Facts About Learning Disabilities

• A student with a Learning Disability generally has average to above average intellectual potential.

• A Learning Disability is something that people are born with--they do nothing to cause it.

• People do not grow out of a Learning Disability. Appropriate instruction is needed for success with reading, writing, spelling, math, and the other academic subjects.

• If a person has a Learning Disability, there is nothing wrong with their brain. The person simply learns subjects by a different method.

• Learning Disabilities are not contagious. It is now generally believed that Learning Disabilities are genetically-based and tend to occur in families.

• Learning Disabilities affect each person differently.

• Many famous people, like Thomas Edison and Albert Einstein, are believed to have had Learning Disabilities.

• A student with a Learning Disability can succeed in college. They may need some support and accommodations, but can be successful with higher education.

• Most important: Students with Learning Disabilities are not stupid. They experience failure because the wrong learning strategies were used. Once the proper methods are used, they can be successful with academics.

 
Characteristics of College Students with Learning Disabilities

Students with Learning Disabilities have average to above average intelligence, but they learn differently from other students. They may do well in most areas but have some that are way below their overall ability level.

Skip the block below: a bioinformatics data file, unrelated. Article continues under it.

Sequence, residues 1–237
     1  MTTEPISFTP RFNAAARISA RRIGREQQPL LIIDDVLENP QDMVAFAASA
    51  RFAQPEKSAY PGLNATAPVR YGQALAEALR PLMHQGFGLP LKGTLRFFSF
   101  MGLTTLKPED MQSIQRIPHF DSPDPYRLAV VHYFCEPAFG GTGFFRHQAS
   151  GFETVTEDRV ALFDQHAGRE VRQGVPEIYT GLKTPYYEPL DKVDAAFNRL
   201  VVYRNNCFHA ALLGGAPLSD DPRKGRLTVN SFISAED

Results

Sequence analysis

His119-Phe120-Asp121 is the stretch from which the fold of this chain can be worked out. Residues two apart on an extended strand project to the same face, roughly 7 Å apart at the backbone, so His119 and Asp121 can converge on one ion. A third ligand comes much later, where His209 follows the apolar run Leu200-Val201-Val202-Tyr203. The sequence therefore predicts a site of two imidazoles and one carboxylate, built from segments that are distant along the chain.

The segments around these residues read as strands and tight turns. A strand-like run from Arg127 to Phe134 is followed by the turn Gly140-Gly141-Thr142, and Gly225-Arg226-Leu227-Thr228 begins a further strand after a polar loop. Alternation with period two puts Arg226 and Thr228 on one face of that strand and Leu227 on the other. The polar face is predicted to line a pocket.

Some typical characteristics of college students with Learning Disabilities are listed below. Of course, no student has all of these problems.

 
Reading
• Confusion of similar words, difficulty using phonics, problems reading multi-syllable words.
• Slow reading rate and/or difficulty adjusting speed to the nature of the reading task.
• Difficulty with comprehension and retention of material that is read, but not with material presented orally.

 

Writing

• Difficulty with sentence structure, difficulty with grammar, omitted words.
• Frequent spelling errors, inconsistent spelling, letter reversals.
• Difficulty copying from the board or overhead.
• Poorly formed letters, difficulty with spacing, capitals, and punctuation.

 

Oral Language

• Difficulty attending to spoken language, inconsistent concentration.
• Difficulty expressing ideas orally which the student seems to understand.
• Problems describing events or stories in proper sequence.

 

Math

• Difficulty memorizing basic math facts.
• Confusion or reversal of numbers or operational symbols.
• Difficulty copying problems, aligning columns.
• Difficulty reading or comprehending basic word problems.
• Problems with reasoning and abstract concepts.

 

Study Skills

• Difficulty with organization and time management.
• Difficulty following directions.
• Poor organization for notes and other written materials.
• Needs more time to complete assignments.